September 17 2014 Latest news:
Friday, February 8, 2013
ACTION is being called for by Southwold Golf Club to resolve flooding problems that have left its young players’ practice ground almost permanently under water for the last two years.
The club rents 15 acres of marshland from Southwold Town Council for the development of its juniors but a combination of heavy rain and blocked and broken sluice gates mean the land has remained water-logged and virtually unusable – leaving them with nowhere to play.
Club secretary Roger Sweet said he accepted marshland would be under water at certain times of the year but the situation was now worse than ever.
He said: “The water just doesn’t drain properly. That’s the problem. We have had a very wet winter and summer but, even so, it is not operating as marsh should operate. It is not meant to be wet for 12 months of the year.”
Mr Sweet said the club had been able to use the practice area for just eight weeks in the last year, including only one week during the school summer holidays. Previously, it had got at least six months’ use out of it.
Golfers must have a reasonable proficiency to use the club’s nine-hole golf course, meaning up to 60 children from St Felix School and at least 40 junior club members that had previously used the marsh for practice now had nowhere to play.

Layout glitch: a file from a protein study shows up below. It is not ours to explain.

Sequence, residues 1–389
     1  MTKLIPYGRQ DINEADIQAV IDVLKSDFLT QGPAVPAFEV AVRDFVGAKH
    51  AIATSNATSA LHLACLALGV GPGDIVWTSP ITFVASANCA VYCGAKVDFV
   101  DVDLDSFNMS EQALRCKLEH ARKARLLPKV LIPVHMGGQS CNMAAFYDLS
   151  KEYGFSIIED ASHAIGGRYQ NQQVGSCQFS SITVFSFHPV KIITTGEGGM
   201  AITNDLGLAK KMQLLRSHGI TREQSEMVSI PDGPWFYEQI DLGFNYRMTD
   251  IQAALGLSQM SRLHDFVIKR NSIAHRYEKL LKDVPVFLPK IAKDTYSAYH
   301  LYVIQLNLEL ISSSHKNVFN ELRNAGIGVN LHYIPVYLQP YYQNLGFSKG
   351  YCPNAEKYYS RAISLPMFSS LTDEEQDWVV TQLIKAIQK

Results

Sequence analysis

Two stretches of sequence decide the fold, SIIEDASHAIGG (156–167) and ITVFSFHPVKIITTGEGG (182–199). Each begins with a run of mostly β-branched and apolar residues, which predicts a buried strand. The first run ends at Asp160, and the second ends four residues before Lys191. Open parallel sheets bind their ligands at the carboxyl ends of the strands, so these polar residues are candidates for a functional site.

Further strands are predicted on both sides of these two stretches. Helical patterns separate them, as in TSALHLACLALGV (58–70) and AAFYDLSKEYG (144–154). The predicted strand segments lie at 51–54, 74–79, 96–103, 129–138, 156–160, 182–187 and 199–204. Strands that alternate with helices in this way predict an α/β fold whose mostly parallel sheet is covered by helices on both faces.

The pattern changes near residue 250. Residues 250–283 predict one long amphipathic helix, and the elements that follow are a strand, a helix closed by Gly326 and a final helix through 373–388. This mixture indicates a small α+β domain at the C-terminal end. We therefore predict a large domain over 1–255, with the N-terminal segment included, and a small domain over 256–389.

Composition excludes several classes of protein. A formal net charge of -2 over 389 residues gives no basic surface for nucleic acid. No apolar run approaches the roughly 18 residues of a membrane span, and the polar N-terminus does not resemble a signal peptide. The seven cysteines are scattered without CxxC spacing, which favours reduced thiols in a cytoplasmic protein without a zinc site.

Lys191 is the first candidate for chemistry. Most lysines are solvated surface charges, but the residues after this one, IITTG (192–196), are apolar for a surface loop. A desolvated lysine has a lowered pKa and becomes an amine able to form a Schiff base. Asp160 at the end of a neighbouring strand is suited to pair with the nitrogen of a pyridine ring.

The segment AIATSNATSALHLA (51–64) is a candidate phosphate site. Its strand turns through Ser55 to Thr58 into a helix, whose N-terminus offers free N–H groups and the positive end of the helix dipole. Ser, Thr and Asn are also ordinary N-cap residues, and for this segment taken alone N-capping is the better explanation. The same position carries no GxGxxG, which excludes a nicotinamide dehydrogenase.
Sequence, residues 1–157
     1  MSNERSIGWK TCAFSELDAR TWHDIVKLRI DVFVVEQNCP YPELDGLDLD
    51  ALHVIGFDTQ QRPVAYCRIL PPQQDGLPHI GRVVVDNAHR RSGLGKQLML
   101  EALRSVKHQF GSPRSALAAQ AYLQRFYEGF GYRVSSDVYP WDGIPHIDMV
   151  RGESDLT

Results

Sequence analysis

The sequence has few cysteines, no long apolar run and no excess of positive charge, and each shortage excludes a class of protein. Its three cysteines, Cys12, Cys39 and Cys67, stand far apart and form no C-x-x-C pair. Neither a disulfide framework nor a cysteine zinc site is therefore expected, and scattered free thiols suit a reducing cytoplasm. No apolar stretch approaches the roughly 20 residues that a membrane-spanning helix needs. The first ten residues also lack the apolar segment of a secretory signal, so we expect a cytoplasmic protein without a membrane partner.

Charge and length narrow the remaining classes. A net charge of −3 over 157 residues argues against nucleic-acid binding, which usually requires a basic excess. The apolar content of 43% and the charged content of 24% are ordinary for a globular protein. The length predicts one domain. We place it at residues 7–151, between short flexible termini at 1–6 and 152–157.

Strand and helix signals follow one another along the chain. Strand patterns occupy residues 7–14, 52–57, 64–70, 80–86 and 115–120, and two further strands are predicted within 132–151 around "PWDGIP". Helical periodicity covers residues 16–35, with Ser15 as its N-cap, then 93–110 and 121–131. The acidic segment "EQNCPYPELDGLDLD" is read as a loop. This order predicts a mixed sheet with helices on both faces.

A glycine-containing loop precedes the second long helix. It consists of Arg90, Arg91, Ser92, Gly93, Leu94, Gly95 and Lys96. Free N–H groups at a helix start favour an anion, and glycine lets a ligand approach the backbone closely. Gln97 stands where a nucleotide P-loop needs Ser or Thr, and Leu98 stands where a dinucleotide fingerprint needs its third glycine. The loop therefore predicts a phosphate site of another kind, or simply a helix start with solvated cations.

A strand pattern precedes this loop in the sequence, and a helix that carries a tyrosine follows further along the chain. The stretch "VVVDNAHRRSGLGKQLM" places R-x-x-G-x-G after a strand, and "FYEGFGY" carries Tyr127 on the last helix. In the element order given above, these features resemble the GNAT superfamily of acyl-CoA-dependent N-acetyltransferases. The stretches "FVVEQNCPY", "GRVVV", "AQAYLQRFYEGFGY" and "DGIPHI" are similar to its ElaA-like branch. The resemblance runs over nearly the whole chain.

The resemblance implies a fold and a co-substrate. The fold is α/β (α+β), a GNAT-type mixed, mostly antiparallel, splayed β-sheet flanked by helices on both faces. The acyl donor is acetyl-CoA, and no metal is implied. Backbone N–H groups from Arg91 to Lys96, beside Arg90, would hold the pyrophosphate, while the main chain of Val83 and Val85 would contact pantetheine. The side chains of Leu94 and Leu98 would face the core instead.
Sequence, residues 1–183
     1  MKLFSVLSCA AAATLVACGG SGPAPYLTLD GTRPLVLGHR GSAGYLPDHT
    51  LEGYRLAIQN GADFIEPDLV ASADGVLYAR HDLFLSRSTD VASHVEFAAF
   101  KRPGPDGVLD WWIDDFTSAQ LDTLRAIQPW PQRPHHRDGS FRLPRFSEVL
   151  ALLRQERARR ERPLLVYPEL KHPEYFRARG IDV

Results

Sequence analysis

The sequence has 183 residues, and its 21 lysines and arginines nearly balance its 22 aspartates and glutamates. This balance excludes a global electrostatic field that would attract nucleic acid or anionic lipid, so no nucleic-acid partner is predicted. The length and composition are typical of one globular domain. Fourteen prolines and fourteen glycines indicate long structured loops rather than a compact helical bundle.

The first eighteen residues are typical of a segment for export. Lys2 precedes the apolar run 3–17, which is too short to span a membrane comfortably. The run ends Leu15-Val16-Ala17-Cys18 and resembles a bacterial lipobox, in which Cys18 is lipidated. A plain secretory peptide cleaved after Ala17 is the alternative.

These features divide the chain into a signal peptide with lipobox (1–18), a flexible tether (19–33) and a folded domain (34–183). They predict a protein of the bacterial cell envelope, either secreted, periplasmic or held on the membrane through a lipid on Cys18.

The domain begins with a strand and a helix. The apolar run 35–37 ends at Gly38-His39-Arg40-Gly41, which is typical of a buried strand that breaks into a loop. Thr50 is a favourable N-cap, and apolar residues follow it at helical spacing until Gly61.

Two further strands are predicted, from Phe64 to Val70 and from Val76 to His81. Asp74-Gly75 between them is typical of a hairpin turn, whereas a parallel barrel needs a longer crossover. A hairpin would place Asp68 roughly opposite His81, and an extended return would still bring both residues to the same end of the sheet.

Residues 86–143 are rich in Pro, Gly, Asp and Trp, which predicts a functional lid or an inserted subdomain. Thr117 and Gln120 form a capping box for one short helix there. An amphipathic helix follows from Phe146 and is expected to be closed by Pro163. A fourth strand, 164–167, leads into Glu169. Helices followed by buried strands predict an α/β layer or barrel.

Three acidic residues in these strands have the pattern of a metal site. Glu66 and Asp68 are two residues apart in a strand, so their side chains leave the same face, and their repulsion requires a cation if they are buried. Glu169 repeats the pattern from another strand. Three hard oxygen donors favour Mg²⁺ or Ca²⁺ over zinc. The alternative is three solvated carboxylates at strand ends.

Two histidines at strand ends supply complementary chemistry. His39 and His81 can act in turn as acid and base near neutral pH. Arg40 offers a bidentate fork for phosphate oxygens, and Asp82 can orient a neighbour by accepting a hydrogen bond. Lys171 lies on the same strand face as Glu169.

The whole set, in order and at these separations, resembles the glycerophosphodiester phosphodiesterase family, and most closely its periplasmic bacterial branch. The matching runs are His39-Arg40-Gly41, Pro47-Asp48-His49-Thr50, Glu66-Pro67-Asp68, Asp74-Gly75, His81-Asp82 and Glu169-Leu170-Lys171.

Mr Sweet said: “The danger is that we lose promising young players to other things. We have had several good youngsters that may have drifted off and done something else because of this.”
The marshes are owned by Southwold but were managed by Waveney District Council from 1974 until 2010, when the town council regained the management.
One sluice at Salt Creek, which is part of the harbour undertaking and believed to be the responsibility of Waveney District Council, is broken. This prevents water escaping from the marshes and contributing to the flooding on the practice ground.
Mr Sweet said another sluice, which drains water from the practice marsh, was being regularly and deliberately blocked by an unknown person.
“Someone keeps putting extra boards in one of the sluice gates,” he said. “Our greenkeeper goes down on a regular basis to remove them. That has been happening for a few years now and we don’t know who is doing it or why.”
The town council has commissioned a survey of drainage on the marshes and will meet with the golf club in coming weeks to discuss the results.
Southwold mayor Michael Ladd said: “Clearly the water isn’t circulating where it should. The water in some of the ditches is stagnant. It is getting blocked somewhere and we are working to find out where.”
Town councillor Sue Allen the council was hoping to work with Waveney to resolve the problem. She added: “It is an ongoing issue and we are having talks to see how we can help the golf club get rid of the water more easily.”
Part of the marsh land rented by the golf club has been designated a Site of Special Scientific Interest by Natural England.
A recent survey of the land by the organisation found a lack of biodiversity and concluded the land was in “unfavourable recovering condition”.
The report said marshes had been too wet and too dry at different times and blocked ditches were not helping drainage.
It stated the water level management was unsatisfactory and a full assessment of the problems with the drainage infrastructure was needed to establish a management strategy.